filler47 Housing for Haiti

Habitat Core Housing

A Core House for Haiti, by Habitat for Humanity

filler47 Housing for Haitihaitihousingtitle Housing for Haiti

The numbers are numbing. The January 12 earthquake in Haiti left approximately 1.2 million people homeless, 600,000 of them in the capital city of Port-au-Prince. As the rain and hurricane season begins this month many are still living in shelters constructed from scrap wood and tarps, in informal settlements without adequate power and sanitation.
     While the Haitian government oversees long-term redevelopment, private and non-governmental agencies (NGO’s) are taking the lead to provide housing. Some are focusing on overarching strategic work, using their expertise to support other organizations. Architecture for Humanity has developed open-source guidelines for rebuilding, established Community Resource Centers to support NGO builders in the field, and is planning to rebuild schools. The San Francisco based organization Build Change has established simple technical standards for earthquake-resistant construction to guide local and NGO builders.
     Many NGO’s are working directly to put up housing. The initial drive is to provide temporary shelters so that people can survive the hurricane season. Teams are searching for quick and economical solutions to help the greatest number of people. Habitat for Humanity began its relief work by distributing thousands of  emergency kits packed with twine and tarps to the country. A Home in Haiti, an Atlanta organization that ships camping tents purchased by individual donors directly to the country, has intensified its outreach in recent weeks to beat the impending storms.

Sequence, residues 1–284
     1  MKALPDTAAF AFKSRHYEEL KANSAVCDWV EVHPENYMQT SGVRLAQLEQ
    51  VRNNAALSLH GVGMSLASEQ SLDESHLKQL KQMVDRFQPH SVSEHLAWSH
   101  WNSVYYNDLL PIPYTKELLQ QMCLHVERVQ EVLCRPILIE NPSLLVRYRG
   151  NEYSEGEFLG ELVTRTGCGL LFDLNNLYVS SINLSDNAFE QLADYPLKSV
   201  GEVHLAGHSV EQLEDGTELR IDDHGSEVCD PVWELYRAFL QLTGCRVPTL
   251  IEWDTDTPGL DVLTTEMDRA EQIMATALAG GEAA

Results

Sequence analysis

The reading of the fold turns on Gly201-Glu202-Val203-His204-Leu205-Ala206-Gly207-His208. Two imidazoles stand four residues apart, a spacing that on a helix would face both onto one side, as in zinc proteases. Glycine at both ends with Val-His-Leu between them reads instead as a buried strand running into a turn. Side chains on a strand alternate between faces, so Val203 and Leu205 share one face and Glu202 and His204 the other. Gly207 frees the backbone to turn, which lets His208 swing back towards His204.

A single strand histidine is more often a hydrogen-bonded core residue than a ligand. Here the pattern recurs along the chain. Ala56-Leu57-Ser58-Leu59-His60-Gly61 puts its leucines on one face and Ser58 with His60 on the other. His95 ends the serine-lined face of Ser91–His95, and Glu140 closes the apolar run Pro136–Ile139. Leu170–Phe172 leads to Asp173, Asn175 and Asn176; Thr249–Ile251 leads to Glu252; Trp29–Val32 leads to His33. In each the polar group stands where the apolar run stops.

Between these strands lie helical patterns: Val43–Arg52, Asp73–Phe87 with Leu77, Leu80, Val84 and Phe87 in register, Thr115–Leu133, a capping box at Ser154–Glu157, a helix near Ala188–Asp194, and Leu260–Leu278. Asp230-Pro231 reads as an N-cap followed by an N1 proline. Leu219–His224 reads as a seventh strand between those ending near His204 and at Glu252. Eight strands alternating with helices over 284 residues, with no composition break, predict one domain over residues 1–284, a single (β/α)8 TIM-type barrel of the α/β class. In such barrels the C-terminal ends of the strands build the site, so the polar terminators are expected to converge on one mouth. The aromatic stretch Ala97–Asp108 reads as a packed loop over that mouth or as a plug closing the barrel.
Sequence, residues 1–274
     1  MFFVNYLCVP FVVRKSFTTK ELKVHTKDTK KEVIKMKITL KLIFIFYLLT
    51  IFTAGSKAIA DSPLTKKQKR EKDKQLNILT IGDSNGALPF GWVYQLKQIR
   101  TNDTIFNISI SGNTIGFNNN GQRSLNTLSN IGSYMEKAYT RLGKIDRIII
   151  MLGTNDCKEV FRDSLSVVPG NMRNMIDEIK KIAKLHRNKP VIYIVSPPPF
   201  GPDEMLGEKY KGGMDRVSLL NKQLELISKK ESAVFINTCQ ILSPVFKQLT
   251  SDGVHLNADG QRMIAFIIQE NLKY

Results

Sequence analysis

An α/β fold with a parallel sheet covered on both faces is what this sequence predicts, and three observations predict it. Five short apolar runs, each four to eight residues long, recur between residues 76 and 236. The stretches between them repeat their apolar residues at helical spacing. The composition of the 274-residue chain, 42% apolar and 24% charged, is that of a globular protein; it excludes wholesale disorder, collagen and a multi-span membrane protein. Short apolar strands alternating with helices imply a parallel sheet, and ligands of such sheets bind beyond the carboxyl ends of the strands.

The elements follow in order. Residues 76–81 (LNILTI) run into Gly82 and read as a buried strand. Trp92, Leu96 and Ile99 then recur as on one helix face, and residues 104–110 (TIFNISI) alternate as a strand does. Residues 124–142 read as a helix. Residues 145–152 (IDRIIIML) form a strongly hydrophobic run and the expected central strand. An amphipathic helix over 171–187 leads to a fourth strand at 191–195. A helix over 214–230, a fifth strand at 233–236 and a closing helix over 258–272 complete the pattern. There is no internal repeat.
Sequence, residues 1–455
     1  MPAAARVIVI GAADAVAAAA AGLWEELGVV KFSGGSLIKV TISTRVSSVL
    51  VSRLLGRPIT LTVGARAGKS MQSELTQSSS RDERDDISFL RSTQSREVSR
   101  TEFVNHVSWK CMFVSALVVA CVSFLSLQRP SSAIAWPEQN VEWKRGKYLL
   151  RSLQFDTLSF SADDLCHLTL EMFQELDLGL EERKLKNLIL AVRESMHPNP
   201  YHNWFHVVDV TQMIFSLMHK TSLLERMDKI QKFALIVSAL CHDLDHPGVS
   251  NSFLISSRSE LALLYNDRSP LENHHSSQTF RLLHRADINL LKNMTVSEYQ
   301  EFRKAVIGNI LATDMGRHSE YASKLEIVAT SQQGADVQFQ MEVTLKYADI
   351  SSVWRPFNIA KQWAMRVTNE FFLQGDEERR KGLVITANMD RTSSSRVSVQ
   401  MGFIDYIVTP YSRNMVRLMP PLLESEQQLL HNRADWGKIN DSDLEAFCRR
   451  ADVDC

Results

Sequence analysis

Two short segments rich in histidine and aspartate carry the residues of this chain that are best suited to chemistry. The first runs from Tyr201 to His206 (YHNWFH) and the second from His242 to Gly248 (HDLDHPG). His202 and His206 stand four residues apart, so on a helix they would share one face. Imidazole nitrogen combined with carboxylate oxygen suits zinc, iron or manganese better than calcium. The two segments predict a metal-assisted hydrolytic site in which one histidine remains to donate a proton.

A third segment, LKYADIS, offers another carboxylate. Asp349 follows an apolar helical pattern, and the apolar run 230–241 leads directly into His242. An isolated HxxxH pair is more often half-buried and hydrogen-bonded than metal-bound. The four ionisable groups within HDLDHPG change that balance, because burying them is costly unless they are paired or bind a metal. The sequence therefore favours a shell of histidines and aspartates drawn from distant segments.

Events, Greenspace April 13, 2010 By Editors

magnificentearth cover Our Magnificent Earthmagnificentearth title Our Magnificent Earth

Loomstate Organic, an ecologically minded clothing company based in New York, brings Earth Day back to its psychedelic roots with a unique celebration of the environmental holiday’s 40th anniversary this Wednesday.
      Forty drummers — led by Hisham Akira Bharoocha of Soft Circle and including musicians from the bands Aska, Oneida, and Lichens, among others — will take part in a drumming ceremony to commemorate the occasion, followed by DJ sets by Chris Taylor of Grizzly Bear. Opportunities to explore a “twenty-foot-tall pyramid interactive psychedelic installation” abound alongside carnivalesque offerings such as face painting and psychic readings.
     All interested Earth lovers in NYC can celebrate forty years of Earth Day in the free-wheeling atmosphere of its original decade with free shuttle service from the Bowery to the event location in Midtown.
     Our Magnificent Earth will take place at Good Units on Hudson, 356 West 58th St (between 8th & 9th Ave.) this Wednesday, April 14 from 7-10 p.m. All interested in attending should notify for free bus pick-up every 30 minutes from 6:30-9 p.m. from Rogan Store, 330 Bowery St. (corner of Bond).